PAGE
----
Video Marketing Optimization for Beginners

author image Written by: Content Team           Categories - SEO Tips, Video Marketing

Apply These SEO Best Practices to Start Ranking on YouTube

video marketing Video marketing is a great way to make an impression on your audience, and effective use of video has benefits for businesses in practically all verticals. It’s everyone’s dream to be the genius who creates that next viral hit, but what if no one is watching your video? Then what do you do? Just having watchable content isn’t enough. You need to follow many of the same SEO practices that are recommended for regular content marketing, while also adapt them to this specific medium. Do you know the tricky part? It’s that YouTube and Google’s “crawlers” (a generic term for any program used to automatically discover and scan websites by following links from one webpage to another) have yet to figure out how to actually watch and dissect a video. Here are some tips on how to better optimize your videos for improved exposure:

Start with Great Content

As with written content, all the video marketing acrobatics in the world won’t help if the content of your video stinks. Ensure that your content has an effective hook, and enough value and engagement to keep people watching. YouTube is more likely to rank based on watch time—the equivalent of a bounce rate—rather than on total clicks. If your video is clicked on, but not watched, then this is not helping your cause.

Presentation Counts

Write a catchy title—one that’s short, to-the-point, and contains a relevant keyword near the beginning. Most importantly, the title should convey everything it needs to in about seven or eight words, at most. It’s a challenge, but a well-thought-out title can spark interest and help with increased views. Also, when posting your video don’t settle for the automatic thumbnail image—ever. Design a custom thumbnail that catches the eye and that doesn’t catch your subject making an embarrassing face. Trust us on this.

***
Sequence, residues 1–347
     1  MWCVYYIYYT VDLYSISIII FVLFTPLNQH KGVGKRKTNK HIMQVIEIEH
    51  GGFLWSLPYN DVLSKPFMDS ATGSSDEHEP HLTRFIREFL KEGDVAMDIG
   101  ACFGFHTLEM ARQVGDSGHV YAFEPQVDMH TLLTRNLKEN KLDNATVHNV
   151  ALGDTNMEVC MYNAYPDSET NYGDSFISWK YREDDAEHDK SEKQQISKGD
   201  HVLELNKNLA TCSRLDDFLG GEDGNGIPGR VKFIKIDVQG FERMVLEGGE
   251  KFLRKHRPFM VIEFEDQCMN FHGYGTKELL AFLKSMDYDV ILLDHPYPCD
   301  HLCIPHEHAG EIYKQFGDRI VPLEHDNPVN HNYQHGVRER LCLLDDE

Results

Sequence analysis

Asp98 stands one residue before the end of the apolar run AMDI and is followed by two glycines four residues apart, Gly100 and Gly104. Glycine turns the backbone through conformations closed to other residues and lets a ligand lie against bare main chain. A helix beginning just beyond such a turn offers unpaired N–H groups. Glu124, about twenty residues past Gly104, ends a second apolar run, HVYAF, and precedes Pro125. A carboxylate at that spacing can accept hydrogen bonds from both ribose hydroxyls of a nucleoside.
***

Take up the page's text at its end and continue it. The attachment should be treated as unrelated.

Playing Tag

Like we said, crawlers are unable to watch your video to recognize keywords or discern the topic it relates to, so tagging your video and including appropriate content is more important for SEO purposes than ever. Include suitable keywords in your tags—if they are keywords that produce video results on both Google and YouTube alike, even better.

Get Descriptive

Another way to get around the limitation of the crawlers is by effectively using the video description—treat it like you would a meta description, except where possible, include even more detail. Be sure to include each keyword at least once, as well as relevant information, and links back to your website and social media pages. If you want to go the extra mile, you can transcribe shorter videos in this box, though this can also be done using the closed caption feature.

Calls to Action

A great way to use annotations is as interactive calls-to-action at the end of your video. Remind people to subscribe to your channel (typically your YouTube channel’s primary conversion goal), follow you on social media, visit your website, or more with distinctive calls-to-action urging them to click where you want them to click. If you’re not applying this tried-and-tested SEO tactic in your video marketing strategy, then chances are, you’re missing out on a lot of what video has to offer.

Content Team

Google Confirms That Page Experience Update Is a Ranking Factor


Google’s John Mueller has offered up some interesting insight into the recent Page Experience Update, revealing that the update, which incorporates core web vitals, is, in fact, a ranking factor and could have more impact than previously thought.

“It is a ranking factor, and it’s more than a tie-breaker, but it also doesn’t replace relevance,” said Mueller on Reddit.

READ MORE: LAUNCHED: Google’s Page Experience Update Begins Rollout

This revelation should come as a bit of a surprise to the SEO community, as Google had previously implied that the Page Experience Update is simply a tie-breaker.